2. David H Hopkins says:

    My symptoms of crippling in the hands, some loss of weight, strength and energy has barely progressed since my diagnosis 2 1/2 years ago. At that time I began consuming daily tinctures of St. John’s Wort, Ashweghanda, and CBD heavy cannabis. I eat a great diet that is mostly organic with many types of vegetables and a daily dish that includes good portions of turmeric and garlic. Except for the small amount in my tinctures I drink no alcohol. I work hard physically and usually walk 2 – 4 miles per day. I play rock and jazz with the bass guitar, volunteer in the community, work as a part time church janitor (though I am agnostic and not a member), and live in a home surrounded by natural beauty. I live positively day by day and have a friendly relationship with mortality. I wouldn’t be surprised if I live an extra long happy life. My health seems better than most people my age.

  3. Fernanda Sousa silva says:

    O meu pai morreu com a doença ELA. Mais 2 irmãos do meu pai também morreram com o mesmo, fizemos a genética e eu e uma irmã deles, minha Tia somos positivas

    • Dagmar Munn says:

      Fernands, I am sorry that you have lost several family members to ALS. Knowing you have the ALS gene, will give you a head-start on doing as much as you can to not manifest symptoms — for as long as you can. My list of ‘life balancers’ will serve you well. Good luck and stay positive!

  4. Sheila Lowrie says:

    I was privileged to attend the Healing ALS Conference in SLC Utah. We met a man who was verified to have ALS, at one time he had a tracheotomy and feeding tube, he no longer needs either, in fact I could see the scar on his neck. I don’t believe the fact that he used a cane to walk takes away from the fact that he can now eat, speak and breathe on his own. I think that is a reversal regardless of the fact that he uses a walker or wheelchair, or walks wobbly. Others were diagnosed with bulbar onset ALS who are still speaking albeit slowly but speaking, eating, drinking when they at one time were unable to.
    None of the reversals claimed to be ALS free, quite the opposite, they said while they have ALS they are managing it. I for one, would be delighted to ‘manage’ ALS much as HIV, diabetes, arthritis, MS, and other diseases are managed. If I am able to throw out my wheelchair and walk with a cane or walker I think I could safely claim to have reversed ALS……………….

    • Dagmar Munn says:

      How exciting Sheila that you were able to attend and experience it all in-person! Yes, I agree that being able to successfully manage our ALS is a priority goal.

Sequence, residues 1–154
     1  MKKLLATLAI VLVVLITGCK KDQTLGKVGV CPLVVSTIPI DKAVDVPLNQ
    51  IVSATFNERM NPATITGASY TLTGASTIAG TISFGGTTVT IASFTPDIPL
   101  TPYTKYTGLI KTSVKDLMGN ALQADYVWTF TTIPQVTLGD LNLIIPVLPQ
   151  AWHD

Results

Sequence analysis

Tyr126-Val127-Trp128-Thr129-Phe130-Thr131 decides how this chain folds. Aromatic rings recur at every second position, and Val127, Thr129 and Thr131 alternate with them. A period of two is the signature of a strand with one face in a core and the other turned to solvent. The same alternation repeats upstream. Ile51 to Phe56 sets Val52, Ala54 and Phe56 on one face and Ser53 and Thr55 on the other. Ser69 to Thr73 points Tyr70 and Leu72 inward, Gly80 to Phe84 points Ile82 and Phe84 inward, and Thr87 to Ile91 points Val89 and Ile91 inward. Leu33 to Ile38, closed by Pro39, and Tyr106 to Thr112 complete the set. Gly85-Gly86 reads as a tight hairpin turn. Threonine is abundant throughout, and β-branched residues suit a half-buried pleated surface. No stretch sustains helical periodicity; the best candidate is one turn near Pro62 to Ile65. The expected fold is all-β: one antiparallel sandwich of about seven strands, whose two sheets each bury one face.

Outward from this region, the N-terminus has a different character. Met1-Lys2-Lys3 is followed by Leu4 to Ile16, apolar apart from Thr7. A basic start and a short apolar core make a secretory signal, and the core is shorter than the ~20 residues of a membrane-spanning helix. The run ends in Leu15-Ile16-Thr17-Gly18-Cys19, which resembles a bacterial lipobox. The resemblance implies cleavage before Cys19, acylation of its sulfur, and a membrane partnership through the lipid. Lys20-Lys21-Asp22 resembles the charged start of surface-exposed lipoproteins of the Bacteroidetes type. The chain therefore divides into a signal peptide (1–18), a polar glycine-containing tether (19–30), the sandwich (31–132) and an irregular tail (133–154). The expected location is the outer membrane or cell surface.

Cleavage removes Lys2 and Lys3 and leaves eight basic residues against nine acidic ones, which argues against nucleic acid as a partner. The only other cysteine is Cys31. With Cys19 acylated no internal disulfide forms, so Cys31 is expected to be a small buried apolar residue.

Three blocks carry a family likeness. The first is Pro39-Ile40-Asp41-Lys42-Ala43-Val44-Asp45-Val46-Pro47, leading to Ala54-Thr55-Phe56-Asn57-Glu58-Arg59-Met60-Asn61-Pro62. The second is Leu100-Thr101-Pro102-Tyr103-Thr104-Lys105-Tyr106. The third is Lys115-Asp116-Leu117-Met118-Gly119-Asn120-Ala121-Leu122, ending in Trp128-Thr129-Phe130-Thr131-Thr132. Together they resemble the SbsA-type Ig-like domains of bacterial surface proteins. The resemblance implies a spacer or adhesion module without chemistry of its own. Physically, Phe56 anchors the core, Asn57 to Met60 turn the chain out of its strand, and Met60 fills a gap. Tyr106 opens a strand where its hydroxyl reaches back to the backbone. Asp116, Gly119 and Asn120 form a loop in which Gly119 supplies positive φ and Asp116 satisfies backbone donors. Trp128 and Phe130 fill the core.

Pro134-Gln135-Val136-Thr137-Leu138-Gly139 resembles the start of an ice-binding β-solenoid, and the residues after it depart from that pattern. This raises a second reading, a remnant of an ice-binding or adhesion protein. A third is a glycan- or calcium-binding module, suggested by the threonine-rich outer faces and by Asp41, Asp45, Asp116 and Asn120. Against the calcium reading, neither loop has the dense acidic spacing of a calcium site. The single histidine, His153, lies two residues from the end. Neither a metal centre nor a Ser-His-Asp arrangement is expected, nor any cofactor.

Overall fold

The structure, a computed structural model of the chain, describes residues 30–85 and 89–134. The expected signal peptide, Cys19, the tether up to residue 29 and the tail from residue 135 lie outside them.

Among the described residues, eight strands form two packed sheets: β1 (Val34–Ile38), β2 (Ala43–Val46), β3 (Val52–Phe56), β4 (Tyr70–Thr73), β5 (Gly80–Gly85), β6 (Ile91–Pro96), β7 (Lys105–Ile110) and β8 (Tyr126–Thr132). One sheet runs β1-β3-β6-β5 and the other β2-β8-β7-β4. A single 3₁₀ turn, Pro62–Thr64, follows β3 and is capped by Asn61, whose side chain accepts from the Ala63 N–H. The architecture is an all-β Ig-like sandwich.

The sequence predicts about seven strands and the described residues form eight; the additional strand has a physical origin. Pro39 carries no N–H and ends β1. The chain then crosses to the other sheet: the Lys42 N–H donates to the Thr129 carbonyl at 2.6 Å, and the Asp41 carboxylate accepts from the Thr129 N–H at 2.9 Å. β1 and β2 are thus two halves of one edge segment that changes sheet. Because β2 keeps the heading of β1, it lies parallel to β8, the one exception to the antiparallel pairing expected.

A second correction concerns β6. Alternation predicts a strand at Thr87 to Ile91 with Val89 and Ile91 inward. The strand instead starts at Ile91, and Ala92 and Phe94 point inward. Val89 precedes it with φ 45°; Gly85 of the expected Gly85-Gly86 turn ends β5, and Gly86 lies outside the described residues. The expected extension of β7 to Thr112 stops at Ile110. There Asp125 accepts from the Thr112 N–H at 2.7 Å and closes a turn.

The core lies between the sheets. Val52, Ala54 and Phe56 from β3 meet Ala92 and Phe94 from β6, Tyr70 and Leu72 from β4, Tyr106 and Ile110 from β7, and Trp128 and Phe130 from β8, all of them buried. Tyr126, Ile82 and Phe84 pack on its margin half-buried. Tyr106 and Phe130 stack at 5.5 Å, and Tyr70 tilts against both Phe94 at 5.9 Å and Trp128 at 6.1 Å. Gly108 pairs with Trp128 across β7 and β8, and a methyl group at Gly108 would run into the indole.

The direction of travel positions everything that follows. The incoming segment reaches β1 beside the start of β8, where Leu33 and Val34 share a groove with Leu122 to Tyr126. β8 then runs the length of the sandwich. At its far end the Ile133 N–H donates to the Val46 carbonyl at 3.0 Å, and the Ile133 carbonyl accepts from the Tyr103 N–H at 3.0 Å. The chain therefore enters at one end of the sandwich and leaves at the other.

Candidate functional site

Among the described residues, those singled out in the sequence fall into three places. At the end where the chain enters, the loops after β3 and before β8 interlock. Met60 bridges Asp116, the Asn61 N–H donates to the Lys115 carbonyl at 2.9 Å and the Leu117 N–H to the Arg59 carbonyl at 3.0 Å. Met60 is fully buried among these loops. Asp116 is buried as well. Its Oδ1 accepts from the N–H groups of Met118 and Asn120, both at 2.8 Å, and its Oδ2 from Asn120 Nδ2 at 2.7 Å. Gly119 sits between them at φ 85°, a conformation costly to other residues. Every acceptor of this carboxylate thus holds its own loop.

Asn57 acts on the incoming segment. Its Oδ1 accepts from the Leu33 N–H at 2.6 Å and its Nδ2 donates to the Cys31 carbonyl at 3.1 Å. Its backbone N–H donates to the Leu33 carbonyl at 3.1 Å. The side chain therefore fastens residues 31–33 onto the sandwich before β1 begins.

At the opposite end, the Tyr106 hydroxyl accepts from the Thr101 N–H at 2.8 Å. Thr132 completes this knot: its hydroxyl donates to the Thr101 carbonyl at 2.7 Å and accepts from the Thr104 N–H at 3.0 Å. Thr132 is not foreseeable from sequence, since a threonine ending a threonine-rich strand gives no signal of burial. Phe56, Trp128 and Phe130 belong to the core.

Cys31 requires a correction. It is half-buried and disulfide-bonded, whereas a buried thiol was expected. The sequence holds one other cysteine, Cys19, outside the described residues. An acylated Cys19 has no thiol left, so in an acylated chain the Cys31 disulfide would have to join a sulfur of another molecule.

I think many folks were expecting the ALS reversals to be totally symptom-free (thus, my slight issue with the term ‘reversal’). As you said, regardless of their current state, these fine examples showed that it can be done. We can have hope 🙂

    • Cindy says:

      Sheila, it sounds as though we are in the same boat so to speak. I would give anything to be rid of the wheelchair and use walker and cane for walking. I would consider it a victory over ALS. Best to you.

  5. Akshay says:

    Hi Dagmar, My uncle in India has been diagnosed with ALS. He started having pain in leg in mid 2015 and it progressed. He has been using walker since last 2+ years and is just managing to walk a few steps using walker, takes a break for few seconds and then walks again. He hardly feels power in lower limbs.

    I can share more details. Is there anything you would suggest to try to reverse or stop the progression of the disease?

    • Dagmar Munn says:

      Akshay – – we ALS patients are all so different: our initial level of health, where we have symptoms, access to medical care & support and what we are willing to do… there is no one size fits all recommendation. However, you can contact your local ALS Association http://www.alsa.org/ (or read their online materials) and learn the basic needs for someone with ALS. This includes: proper medication, assistive devices, good nutrition, a safe home, social interaction and regular therapeutic movement. Having good emotional well-being has shown to slow progression as well.

      As was stated in the ALS reversals conference and in my column, there is no sure-fire way to stop progression of symptoms — yet. But I believe through sharing of experiences and more research into this area — an answer will be found. Best wishes to you and your uncle.

  6. Dr Neena Jain says:

    Hi Akshay
    Where in India is your Uncle. My husband Dr Sanjiv Jain is a patient of ALS. Can you share your contact details. My no is 9414008666 in India